was in the ring–rough and tough. Penny Baker, the youngest at 70,
shows great pride in successfully competing in the Senior Oympics.

Some describe themselves and others in harsh terms, “I wrestled dirty
and I was a tough son-of-a-gun.” And “Whatever the referee didn’t see
was legal.” Still they were expected to look and act like ladies
outside the ring. One of their contemporary male wrestlers remarks that
they were athletes who commanded respect. “They were not T & A
girls” like female wrestlers of today.

All the women featured were promoted and trained by the infamous Billy
Wolfe who represented many women wrestlers. He went around the country
recruiting and training them. Beginning in the 1930’s, this was a huge
enterprise. The women bitterly remember Wolfe who was considerably less
than fair and very controlling. Men had it much easier. Women had to
spend much more time traveling from match to match than the men.
Conditions were more difficult overall for the women.

The film suggests that today’s female wrestlers are much more about
entertainment than athleticism, though clearly these older women were
also about entertainment in a variety of ways. Two of them still are.
Both the Fabulous Moolah and the Great Mae Young participate together
in special WWE events and have no plans to retire. Some of their
associates decry this, saying “Some women don’t know when to hang up
their tights.” Watching the scenes in question, I’d agree.

Fans are interviewed. A man rhapsodizes about women’s wrestling. “There
is nothing as passionate for me.” He began his collection of
memorabilia in the second grade. A woman fan says that girls today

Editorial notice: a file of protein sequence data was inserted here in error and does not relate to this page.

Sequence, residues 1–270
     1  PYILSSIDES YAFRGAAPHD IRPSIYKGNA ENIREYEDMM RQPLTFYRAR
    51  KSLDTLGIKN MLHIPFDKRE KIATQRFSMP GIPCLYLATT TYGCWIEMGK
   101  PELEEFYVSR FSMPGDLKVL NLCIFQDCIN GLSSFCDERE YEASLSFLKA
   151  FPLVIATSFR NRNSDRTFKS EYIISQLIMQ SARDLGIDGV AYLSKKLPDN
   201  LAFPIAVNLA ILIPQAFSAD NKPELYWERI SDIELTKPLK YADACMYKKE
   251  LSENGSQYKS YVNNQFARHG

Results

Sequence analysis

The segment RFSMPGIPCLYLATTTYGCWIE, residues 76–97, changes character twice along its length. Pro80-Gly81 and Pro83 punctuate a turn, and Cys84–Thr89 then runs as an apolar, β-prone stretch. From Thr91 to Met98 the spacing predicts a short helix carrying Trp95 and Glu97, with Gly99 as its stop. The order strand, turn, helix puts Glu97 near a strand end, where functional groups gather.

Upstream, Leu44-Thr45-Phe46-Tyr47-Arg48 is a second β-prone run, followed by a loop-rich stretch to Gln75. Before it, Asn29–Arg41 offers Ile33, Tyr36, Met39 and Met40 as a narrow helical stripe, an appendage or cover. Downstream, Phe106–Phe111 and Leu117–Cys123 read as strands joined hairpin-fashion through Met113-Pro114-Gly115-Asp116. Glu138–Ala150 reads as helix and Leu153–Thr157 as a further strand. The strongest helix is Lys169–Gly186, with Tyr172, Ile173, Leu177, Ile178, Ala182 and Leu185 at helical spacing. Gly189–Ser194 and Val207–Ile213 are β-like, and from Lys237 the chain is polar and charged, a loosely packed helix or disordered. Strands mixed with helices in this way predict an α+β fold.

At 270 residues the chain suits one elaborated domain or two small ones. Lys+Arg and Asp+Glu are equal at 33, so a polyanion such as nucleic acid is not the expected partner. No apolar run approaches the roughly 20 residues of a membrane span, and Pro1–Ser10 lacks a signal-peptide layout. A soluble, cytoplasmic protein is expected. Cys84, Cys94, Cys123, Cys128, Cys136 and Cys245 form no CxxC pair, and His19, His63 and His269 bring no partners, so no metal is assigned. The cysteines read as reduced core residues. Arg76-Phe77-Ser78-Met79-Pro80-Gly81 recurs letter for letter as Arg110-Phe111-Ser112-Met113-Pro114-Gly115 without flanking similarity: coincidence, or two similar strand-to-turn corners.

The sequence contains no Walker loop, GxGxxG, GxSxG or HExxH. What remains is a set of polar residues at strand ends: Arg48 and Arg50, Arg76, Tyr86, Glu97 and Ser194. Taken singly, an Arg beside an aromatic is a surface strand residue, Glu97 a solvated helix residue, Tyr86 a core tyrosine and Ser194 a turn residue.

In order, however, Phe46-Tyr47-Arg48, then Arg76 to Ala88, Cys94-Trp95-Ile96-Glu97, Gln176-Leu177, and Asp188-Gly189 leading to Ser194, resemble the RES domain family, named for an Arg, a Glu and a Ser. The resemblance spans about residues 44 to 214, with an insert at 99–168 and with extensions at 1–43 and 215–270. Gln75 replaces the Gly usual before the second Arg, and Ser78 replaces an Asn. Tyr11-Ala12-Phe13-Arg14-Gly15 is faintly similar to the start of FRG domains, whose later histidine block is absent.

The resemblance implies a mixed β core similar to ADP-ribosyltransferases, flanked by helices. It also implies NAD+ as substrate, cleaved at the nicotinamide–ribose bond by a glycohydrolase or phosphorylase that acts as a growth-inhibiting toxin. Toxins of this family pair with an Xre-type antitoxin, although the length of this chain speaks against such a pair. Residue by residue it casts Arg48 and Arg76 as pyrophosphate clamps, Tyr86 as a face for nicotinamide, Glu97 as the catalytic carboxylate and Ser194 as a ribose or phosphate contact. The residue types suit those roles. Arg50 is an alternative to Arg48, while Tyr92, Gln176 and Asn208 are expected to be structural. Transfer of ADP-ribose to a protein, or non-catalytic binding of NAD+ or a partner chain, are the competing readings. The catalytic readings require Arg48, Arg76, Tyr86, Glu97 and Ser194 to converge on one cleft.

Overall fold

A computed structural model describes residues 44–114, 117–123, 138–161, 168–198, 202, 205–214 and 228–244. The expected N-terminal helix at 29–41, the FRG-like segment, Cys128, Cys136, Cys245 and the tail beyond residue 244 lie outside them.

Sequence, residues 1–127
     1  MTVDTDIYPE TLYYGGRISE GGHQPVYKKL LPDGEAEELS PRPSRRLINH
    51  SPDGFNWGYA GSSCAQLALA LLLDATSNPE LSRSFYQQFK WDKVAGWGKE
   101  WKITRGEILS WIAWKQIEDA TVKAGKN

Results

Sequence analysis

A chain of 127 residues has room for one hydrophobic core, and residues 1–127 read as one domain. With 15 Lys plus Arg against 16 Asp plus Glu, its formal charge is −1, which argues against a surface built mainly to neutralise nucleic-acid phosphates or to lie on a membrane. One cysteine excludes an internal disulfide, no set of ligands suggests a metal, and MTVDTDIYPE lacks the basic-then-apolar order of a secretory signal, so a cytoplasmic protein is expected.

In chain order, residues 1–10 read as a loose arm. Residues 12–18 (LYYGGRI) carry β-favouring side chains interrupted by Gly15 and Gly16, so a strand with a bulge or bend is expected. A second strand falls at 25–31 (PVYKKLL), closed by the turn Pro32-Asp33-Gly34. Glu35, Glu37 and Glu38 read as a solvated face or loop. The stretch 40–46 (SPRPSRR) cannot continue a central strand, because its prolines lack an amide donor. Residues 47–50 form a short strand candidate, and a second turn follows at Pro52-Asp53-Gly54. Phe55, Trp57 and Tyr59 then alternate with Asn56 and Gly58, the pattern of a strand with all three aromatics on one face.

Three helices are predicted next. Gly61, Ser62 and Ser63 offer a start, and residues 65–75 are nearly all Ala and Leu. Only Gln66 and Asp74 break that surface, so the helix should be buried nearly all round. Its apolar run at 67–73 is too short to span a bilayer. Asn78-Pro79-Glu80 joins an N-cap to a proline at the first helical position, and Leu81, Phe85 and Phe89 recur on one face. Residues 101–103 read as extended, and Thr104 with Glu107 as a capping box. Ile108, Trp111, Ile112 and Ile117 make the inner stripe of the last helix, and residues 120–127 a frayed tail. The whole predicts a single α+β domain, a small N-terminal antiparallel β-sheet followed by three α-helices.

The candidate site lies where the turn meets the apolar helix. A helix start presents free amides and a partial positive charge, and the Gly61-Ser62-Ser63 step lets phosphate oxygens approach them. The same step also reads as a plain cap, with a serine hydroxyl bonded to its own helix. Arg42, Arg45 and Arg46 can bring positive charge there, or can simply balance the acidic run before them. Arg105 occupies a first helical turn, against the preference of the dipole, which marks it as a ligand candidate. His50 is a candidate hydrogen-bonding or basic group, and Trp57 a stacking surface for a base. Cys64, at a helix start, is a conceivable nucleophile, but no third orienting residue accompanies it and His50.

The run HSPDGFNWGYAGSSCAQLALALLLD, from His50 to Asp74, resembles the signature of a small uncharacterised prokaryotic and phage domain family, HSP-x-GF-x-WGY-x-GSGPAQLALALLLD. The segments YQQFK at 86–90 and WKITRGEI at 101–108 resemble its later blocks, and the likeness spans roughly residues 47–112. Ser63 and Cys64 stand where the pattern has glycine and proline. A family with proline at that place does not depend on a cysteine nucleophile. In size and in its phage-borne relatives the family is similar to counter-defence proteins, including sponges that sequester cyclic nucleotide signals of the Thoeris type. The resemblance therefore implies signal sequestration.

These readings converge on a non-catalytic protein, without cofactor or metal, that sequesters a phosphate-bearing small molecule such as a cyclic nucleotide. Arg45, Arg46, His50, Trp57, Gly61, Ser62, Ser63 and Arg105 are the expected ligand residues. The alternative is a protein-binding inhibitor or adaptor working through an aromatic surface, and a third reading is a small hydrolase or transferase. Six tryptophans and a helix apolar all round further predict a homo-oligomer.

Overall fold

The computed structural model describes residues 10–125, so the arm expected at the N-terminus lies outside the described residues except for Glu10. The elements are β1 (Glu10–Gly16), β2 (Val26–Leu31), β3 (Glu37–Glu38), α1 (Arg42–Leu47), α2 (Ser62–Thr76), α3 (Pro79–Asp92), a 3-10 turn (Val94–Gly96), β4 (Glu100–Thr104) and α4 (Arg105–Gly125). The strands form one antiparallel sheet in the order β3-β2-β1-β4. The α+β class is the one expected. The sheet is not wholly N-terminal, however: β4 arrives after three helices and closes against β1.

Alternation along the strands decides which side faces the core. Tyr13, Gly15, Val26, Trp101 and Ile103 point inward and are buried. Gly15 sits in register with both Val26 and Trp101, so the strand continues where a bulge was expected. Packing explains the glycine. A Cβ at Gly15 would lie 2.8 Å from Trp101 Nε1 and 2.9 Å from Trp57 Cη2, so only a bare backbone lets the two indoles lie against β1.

cannot compare to The Fabulous Moolah.   Of the many colorful
moments, one is a hilarious encounter when fans bring their pet possum,
complete with little gold cape, to meet her namesake Moolah at a book

Though not approving of wrestling as a profession, I could not help but
admire the way these fiesty women overcame adverse early years to forge
independant lives for themselves. As the filmmaker states in one of the
extras, for her the stories were valuable because they were about
survival. (Leitman is not a wrestling fan or even a sports fan.) You do
not need to be a wrestling fan to be enriched by this worthwhile story
about suffering, perseverence and success. As Leitman says, wrestling
was the back story.

The extras enhance the film. Leitman gives much additional information
and insights about the women and their history and current lives as
well as the wrestling world. With use of archival stills and footage,
both color and B & W, the video varies in quality but the current
footage is sharp with vibrant colors and the soundtrack is always
audible. An abundance of country music for the soundtrack is an
appropriate fit. Lipstick & Dynamite is highly recommended as
entertaining, fast paced, well-edited, a labor of love told with
passion and heart.

– Donna Dorsett